The difficulties of paying for retirees in the near future are becoming more and more apparent for governments around the world. Lifespans are generally increasing throughout the world, meaning that the amount of time each person can be expected to spend in retirement is increasing. At the same time, fertility rates are declining meaning that the number of workers coming through the system to pay taxes to support pensions and medical care for the elderly is decreasing. In short, we cannot assume that retirement will be affordable in the future in the same way it is now.
This is the thrust of this piece in the YaleGlobal Online by Joseph Chamie, a former Director of the United Nations Population Division. He argues that the pension programs adopted throughout much of the western world in latter part of the nineteenth century have failed to adapt to our ageing population. When they were introduced, most pension ages were set to begin after the life expectancy of the population that they were serving. Thus, in the United States: the official retirement age under the 1935 Social Security Act was 65 years when it was passed into law, the life expectancy at the time for American males was only 60. But as the average life expectancy for those reaching the age of 65 has increased over the last 50 years or so (in Japan the life expectancy of someone reaching 65 has increased by nearly ten years, in the USA, nearly six years, worldwide it has increased by five years), the pension age has generally not been lifted at the same rate. And this problem of cost will only get worse. By the middle of the century a large number of particularly industrialised nations are expected to have a third of their population over the age of 65: for example China, Germany, Japan, Iran, Italy and South Korea.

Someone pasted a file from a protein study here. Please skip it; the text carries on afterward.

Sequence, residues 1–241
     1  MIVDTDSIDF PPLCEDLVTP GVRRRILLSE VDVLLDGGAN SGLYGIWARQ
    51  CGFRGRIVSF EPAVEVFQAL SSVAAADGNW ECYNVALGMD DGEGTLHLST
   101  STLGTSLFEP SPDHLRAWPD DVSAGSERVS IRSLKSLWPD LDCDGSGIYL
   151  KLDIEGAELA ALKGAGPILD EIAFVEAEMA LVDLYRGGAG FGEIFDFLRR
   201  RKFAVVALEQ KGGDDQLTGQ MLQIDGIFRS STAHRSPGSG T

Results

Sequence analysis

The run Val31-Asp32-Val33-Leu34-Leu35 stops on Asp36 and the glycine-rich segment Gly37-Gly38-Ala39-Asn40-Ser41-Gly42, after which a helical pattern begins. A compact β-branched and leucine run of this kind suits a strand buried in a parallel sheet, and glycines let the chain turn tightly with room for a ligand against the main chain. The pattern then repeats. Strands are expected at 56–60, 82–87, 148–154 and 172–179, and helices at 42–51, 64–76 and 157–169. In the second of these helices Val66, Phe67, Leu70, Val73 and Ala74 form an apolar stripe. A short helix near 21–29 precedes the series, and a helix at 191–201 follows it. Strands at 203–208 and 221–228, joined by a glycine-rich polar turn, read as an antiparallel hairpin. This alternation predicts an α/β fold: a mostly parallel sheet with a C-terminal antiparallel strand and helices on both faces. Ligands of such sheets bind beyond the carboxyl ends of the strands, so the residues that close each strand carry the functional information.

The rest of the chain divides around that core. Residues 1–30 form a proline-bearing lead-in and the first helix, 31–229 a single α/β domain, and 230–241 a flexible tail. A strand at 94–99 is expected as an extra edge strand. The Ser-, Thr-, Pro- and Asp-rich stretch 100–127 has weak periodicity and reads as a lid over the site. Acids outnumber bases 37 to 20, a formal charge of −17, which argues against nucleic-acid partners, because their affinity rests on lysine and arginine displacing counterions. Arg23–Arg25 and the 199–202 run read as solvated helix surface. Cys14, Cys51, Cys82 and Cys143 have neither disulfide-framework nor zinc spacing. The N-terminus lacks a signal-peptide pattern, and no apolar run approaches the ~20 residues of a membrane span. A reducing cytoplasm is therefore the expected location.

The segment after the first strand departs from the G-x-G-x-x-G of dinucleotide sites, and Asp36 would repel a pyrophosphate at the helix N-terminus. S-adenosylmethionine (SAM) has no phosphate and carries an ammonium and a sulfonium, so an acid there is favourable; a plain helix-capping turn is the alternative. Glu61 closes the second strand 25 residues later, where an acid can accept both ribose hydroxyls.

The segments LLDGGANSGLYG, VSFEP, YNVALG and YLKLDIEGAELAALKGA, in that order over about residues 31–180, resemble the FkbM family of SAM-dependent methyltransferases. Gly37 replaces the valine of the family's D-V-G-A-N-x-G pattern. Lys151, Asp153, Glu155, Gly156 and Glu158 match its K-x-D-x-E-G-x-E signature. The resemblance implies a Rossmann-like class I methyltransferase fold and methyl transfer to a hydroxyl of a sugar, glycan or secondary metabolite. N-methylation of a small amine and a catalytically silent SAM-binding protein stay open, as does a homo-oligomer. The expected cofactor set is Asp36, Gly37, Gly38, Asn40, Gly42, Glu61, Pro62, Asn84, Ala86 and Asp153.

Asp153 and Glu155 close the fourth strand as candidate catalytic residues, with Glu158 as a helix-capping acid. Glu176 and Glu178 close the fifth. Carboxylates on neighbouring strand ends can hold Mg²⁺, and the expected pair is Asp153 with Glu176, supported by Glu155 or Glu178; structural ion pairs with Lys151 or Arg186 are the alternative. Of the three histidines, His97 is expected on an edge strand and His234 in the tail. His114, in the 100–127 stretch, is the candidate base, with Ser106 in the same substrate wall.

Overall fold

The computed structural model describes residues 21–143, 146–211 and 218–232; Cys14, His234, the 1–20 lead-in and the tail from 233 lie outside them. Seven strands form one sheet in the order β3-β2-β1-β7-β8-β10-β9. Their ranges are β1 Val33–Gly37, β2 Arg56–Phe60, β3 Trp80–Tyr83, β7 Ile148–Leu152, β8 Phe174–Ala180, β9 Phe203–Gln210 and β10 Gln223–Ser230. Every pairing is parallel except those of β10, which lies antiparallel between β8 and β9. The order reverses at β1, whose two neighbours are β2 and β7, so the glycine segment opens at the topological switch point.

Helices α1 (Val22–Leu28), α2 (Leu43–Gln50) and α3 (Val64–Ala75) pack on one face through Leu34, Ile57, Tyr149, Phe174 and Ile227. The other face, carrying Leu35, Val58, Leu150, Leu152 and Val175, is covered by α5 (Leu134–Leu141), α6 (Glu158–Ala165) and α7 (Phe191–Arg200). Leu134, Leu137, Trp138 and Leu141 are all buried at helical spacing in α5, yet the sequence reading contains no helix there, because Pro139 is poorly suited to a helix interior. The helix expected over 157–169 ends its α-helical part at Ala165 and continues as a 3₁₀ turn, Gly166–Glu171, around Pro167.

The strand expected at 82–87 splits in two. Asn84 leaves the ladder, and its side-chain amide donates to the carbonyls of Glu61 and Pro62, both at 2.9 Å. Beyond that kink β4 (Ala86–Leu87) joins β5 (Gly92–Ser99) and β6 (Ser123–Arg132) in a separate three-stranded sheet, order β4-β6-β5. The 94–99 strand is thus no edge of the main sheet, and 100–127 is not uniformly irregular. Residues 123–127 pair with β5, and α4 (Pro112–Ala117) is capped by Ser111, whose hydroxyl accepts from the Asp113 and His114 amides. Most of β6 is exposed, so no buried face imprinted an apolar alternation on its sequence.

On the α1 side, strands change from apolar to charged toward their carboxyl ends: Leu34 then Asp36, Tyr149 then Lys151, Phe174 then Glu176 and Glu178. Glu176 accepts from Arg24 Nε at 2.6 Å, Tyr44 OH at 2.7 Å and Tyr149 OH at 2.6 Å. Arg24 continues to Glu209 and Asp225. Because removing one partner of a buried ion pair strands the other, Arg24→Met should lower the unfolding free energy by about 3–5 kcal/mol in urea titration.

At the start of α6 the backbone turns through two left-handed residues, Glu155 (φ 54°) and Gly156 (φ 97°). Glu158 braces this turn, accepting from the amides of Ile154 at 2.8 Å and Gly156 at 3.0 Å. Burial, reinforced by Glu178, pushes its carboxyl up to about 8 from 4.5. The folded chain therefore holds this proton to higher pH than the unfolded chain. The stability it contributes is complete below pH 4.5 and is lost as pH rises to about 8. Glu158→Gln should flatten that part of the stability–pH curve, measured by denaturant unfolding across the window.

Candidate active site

So what can governments do about it? How can retirement schemes be made more affordable? Some nations index their retirement age to average life expectancy (Denmark, Finland, Italy, Portugal and the Netherlands) but this can disadvantage certain groups below the average age: those in physically demanding occupations and men are the two obvious such groups. Other options include reducing the amount paid under a pension, or increasing taxes while keeping the pension cost the same. Neither of which are politically appealing. Instead one can always kick the can down the road and leave it as a problem for someone else to deal with in the future. Furthermore, private pension schemes are changing: defined-benefit schemes are seen to be “outdated” by many businesses and are being replaced by schemes which have a defined contribution instead. This of course places the risk of market downturns on the worker rather than the company. In short, people working now should not expect to be retiring at the same age, or with the same benefits, as their parents did. We simply cannot afford it.